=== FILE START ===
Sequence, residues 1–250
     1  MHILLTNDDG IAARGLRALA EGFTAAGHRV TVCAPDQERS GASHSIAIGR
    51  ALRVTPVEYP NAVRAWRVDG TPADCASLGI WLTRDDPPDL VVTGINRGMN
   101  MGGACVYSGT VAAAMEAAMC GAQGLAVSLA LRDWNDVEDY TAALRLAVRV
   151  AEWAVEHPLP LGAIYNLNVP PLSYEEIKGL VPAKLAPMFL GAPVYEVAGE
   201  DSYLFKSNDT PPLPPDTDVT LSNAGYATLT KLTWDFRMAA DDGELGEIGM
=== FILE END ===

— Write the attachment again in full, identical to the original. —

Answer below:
Sequence, residues 1–250
     1  MHILLTNDDG IAARGLRALA EGFTAAGHRV TVCAPDQERS GASHSIAIGR
    51  ALRVTPVEYP NAVRAWRVDG TPADCASLGI WLTRDDPPDL VVTGINRGMN
   101  MGGACVYSGT VAAAMEAAMC GAQGLAVSLA LRDWNDVEDY TAALRLAVRV
   151  AEWAVEHPLP LGAIYNLNVP PLSYEEIKGL VPAKLAPMFL GAPVYEVAGE
   201  DSYLFKSNDT PPLPPDTDVT LSNAGYATLT KLTWDFRMAA DDGELGEIGM